WASHINGTON – Former US president George W. Bush spoke at a fundraiser Thursday night hosted by the Messianic Jewish Bible Institute, an organization that works to convert Jews to Christianity.
The former president – a Texan and a Methodist, born-again Christian – made religion a priority throughout his eight years in the White House. Bush founded the White House Office of Faith-based and Community Initiatives during those years, as well as centers for faith-based initiatives in 11 federal agencies, promoting the general benefits of faith through government.
And yet never as president did he explicitly prescribe one faith over another, which has led to controversy over his appearance at the Messianic fundraiser in Irving, Texas.
“President Bush is a friend who has an abiding love and respect for Israel and the Jewish people,” Abraham Foxman, national director of the Anti-Defamation League, said on Monday.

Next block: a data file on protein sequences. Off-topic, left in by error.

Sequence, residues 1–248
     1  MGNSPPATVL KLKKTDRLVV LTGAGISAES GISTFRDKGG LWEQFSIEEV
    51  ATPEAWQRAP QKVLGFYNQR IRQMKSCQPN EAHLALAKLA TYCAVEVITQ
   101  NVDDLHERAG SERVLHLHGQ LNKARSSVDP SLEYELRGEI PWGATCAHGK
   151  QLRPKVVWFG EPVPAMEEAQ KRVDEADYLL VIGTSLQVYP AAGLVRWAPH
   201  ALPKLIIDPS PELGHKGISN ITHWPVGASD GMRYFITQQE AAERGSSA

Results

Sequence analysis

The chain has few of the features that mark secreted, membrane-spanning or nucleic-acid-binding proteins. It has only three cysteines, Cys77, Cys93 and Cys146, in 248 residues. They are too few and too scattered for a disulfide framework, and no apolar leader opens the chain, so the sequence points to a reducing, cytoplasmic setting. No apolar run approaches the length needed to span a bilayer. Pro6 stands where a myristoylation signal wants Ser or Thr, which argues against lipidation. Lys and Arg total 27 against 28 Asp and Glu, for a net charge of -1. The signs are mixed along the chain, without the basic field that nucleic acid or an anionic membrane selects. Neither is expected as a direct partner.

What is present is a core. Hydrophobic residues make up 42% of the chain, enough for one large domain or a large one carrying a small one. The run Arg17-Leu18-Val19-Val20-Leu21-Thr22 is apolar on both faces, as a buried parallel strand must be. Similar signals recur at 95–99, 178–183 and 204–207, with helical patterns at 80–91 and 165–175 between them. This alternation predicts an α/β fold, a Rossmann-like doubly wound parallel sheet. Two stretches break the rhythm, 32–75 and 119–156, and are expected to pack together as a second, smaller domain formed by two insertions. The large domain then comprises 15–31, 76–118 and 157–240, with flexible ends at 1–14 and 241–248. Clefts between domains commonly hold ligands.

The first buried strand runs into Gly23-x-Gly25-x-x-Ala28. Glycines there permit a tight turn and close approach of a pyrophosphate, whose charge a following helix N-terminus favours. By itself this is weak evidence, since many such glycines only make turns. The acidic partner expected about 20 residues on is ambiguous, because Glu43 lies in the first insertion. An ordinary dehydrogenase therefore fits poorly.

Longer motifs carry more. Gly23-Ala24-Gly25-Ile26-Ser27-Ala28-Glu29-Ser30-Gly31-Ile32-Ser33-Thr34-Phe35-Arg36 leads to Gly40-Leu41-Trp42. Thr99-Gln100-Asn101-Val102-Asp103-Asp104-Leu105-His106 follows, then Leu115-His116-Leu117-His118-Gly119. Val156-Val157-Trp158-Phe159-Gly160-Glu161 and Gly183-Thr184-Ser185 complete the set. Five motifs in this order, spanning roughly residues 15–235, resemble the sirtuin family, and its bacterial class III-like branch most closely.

“I know that he does not represent or embrace the purpose or the mission of this group, and therefore I wish he would not speak there.”
Bush retired to his ranch in Texas in 2009 and has kept a low profile since, granting limited press availability and delivering few speeches.
He spoke extensively about the value of faith throughout his presidency, if not specifically about the Jewish faith. But in 2005, during a celebration of 350 years of Jewish life in America, Bush told a crowd that he embraced Judaism as a positive force in the United States.
“The stock of Abraham has thrived here like nowhere else,” Bush said then. “And we’re a better and stronger and freer nation because so many Jews from countries all over the world have chosen to become American citizens.
“Freedom to worship is why Jews came to America three-and-a-half centuries ago; it’s why the Jews settled in Israel over five decades ago,” he continued. “We both have built vibrant democracies. Both our countries are founded on certain basic beliefs, that there is an Almighty God who watches over the affairs of men and values every life.”
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